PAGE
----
It’s not unusual for our dogs to scratch themselves throughout the day. But now and then, there are times where you notice that your pup is carrying out their ritual a little too frequently – and it’s at that point you begin to wonder if a problem is afoot.
If you’re getting a little worried and are looking for reasons why your dog could be scratching, it’s worth being aware of the foremost conditions that cause it.
Food and environmental allergies
Have you recently changed their diet in any way? A sudden change of nutrient sources for your pup can often cause a bad belly – but if there’s an ingredient in their new diet that they’re allergic to, these issues can often manifest themselves in rashes. And when your dog tries to alleviate the discomfort through scratching, small wounds can be opened up, leading to further discomfort through bacterial and fungal infections. If you suspect your dog may be allergic to their new food, consult with your local vet with regard to setting up a custom diet program for them.
If you haven’t changed their food, it’s often worth considering other possibilities. Similar to humans, all dogs can be allergic to the presence of various triggers around the home environment. Whether it’s tobacco smoke, dust, pollen, mold or perfume, they can easily develop symptoms that lead to constant scratching. Luckily, vets can run allergy tests on pets just like doctors do with us, and the results can often be quite surprising. Once the allergy has been identified, you can take steps to remove it from your home.
Fleas. We’ve all had to deal with them, and we hate them. When they bite humans or dogs, the saliva that fleas produce is often a painful source of irritation. For humans, a simple topical cream will fix the issue, but dogs tend to go straight for a round of manic scratching.
To check whether or not fleas could be causing a problem, use a flea comb, and check to see if you are removing any live fleas, eggs or larvae with each pass. If you are, they could be one of the reasons why your dog could be scratching, and it’s worth a trip to the vets to pick up some medicinal shampoo.
Yeast and bacterial infections
Bacterial infections account for the majority of all skin complaints for dogs – mainly because they often form as a result of other stimuli, such as minor cuts or bites by pests. Compounded by constant scratches, bacterial infections can easily become quite dangerous if left untreated.
The same is true for yeast infections, which are often a consequence of both environmental and pest-based allergies. Often leading to lesions around the ears, armpits and groin, yeast infections can be kept to a minimum by seeking vet treatment, and ensuring that your pup is kept clean and dry, avoiding the circumstances that can lead to further spreading.
Mites, ticks and lice
Mites, ticks and lice are more unwanted home invaders that are likely to be one of the reasons why your dog could be scratching. For dogs, one of the worst offenders in terms of causing discomfort are the presence of ear mites. Feeding on oils and waxes that exist naturally in the ear, these mites often cause pain and swelling in an area that’s not so easily accessible and as a result can drive your dog mad. A lack of medication over time can lead to infections that can permanently affect your dog’s hearing, so it must be taken seriously. Mites are also linked to the occurrence of mange, a serious condition that causes inflammation of the skin and has even led to the death of older dogs.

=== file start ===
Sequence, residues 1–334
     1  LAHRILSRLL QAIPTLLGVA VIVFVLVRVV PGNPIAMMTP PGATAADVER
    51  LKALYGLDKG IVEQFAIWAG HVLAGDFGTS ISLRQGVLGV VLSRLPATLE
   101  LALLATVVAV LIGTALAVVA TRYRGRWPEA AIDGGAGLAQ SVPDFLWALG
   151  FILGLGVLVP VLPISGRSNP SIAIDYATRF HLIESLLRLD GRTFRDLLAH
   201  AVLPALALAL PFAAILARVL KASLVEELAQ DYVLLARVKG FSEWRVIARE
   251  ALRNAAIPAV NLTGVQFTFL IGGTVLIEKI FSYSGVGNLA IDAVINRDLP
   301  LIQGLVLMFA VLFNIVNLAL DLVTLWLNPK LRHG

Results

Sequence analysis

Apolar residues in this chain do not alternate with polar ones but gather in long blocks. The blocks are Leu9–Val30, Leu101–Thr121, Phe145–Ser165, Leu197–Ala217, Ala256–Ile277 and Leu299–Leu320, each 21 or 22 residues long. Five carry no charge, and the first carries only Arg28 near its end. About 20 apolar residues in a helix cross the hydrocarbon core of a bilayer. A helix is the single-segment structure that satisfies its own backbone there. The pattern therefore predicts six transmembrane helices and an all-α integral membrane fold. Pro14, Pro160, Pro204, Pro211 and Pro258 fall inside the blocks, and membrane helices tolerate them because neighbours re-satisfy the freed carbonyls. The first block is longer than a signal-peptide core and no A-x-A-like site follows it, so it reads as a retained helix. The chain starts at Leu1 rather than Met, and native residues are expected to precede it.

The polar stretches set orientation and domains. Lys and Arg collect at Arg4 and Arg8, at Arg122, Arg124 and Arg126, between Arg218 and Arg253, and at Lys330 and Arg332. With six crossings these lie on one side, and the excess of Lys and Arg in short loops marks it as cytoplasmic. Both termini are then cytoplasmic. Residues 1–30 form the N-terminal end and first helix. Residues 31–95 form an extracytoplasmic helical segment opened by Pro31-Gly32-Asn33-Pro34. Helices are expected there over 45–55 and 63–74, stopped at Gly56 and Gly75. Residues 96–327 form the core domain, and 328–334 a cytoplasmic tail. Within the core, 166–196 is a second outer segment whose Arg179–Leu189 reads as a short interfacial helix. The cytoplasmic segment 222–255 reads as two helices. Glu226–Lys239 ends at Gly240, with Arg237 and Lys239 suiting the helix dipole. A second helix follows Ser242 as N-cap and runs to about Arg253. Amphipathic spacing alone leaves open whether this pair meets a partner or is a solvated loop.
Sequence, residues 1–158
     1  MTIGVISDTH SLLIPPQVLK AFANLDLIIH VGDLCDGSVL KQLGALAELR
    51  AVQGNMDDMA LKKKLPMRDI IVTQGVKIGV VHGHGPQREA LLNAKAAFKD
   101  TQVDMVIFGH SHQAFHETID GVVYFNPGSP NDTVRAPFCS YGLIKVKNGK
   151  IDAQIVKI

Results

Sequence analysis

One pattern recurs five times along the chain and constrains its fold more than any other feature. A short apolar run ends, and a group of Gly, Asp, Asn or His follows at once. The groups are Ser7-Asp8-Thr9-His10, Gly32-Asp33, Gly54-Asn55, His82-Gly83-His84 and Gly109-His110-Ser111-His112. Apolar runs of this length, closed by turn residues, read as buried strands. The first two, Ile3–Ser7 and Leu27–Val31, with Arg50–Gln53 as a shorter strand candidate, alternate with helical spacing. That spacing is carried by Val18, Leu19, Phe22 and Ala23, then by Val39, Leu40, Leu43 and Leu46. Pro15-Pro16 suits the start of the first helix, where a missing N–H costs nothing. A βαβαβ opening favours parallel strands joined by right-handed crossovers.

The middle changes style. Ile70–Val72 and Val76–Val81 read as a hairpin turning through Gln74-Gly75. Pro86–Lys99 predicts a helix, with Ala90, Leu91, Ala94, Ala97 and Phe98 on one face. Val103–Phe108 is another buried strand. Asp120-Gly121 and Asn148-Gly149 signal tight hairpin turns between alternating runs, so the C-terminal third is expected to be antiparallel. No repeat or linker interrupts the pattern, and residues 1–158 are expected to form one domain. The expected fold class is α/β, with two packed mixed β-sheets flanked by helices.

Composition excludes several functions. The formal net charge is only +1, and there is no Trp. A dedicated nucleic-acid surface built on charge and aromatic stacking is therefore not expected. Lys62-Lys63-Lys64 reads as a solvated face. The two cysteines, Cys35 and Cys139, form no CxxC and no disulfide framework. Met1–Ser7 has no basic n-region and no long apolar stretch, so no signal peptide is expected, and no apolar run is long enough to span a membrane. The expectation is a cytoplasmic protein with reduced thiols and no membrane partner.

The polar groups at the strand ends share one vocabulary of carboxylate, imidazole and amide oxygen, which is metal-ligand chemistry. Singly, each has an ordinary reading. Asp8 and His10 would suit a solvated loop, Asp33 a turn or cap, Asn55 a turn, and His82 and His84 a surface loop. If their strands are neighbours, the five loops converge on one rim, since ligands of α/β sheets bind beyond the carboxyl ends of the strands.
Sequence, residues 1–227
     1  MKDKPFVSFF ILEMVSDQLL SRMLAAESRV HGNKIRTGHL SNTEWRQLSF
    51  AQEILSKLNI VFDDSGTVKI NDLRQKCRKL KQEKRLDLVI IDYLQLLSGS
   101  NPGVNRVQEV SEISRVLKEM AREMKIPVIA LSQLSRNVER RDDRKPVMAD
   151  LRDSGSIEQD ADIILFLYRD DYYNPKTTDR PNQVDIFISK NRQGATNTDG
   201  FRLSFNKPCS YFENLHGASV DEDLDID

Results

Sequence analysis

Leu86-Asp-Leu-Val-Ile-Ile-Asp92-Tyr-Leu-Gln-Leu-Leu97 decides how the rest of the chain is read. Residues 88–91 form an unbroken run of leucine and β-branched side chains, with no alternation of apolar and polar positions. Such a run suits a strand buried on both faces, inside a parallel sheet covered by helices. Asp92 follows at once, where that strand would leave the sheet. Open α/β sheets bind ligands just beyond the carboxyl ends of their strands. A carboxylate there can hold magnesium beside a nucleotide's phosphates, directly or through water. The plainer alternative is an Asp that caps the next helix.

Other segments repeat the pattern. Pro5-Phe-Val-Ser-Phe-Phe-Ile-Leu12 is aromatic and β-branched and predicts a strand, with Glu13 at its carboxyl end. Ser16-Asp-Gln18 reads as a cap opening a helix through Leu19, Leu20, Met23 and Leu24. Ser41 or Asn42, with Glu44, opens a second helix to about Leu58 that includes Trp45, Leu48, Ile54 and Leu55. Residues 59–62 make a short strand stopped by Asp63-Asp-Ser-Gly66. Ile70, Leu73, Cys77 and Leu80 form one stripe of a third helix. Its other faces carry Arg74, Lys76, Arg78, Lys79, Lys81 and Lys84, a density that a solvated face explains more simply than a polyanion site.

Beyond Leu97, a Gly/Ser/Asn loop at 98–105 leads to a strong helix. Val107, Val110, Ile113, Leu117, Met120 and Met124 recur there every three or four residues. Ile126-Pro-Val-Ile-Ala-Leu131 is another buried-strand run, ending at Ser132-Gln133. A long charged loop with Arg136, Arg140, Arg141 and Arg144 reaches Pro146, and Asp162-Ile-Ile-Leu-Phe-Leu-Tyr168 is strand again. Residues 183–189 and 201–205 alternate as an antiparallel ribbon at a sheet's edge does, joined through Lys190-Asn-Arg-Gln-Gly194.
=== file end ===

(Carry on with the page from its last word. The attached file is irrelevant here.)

Ticks and lice can also have a consistent effect on your pup’s daily life thanks to their ability to feed off skin and blood, leading to irritation. If your dog does get a tick, unless you are experienced, it is advised to go to a vet to have it removed, as the head can otherwise be left buried in the skin – leading to many more serious issues later on. With lice on the other hand, a daily wash with a suitable medicated dog shampoo should be adequate for their removal.
Similar to dandruff in humans, seborrhoea is a condition that effects many dogs leading to excessive scaling. The excessive scaling is often a result of complex dietary issues which can be addressed through a customised diet program set up by your vet. Seborrhoea can also frequently be caused by high levels of stress. So, if any of your own personal lifestyle changes have led to a constant disruption of your dog’s daily routine, it may be worth examining how you can better accommodate your dog’s private and social needs.
Much like humans, any imbalance in our pooch’s carefully crafted hormonal system can easily lead to skin complaints which can be one of the key reasons why your dog could be scratching. The various glands inside the body that produce these hormones has a direct effect on the regulation of fats and proteins – causing mood swings and constant irritability.
With all these conditions, it’s important to be aware that a home diagnosis is unlikely to be overly successful – mainly due to the number of similar symptoms. In all cases where you feel excessive itching and scratching are occurring, we highly recommend discussing the issues with a qualified vet who can advise you on the best way to help return your best friend to perfect health.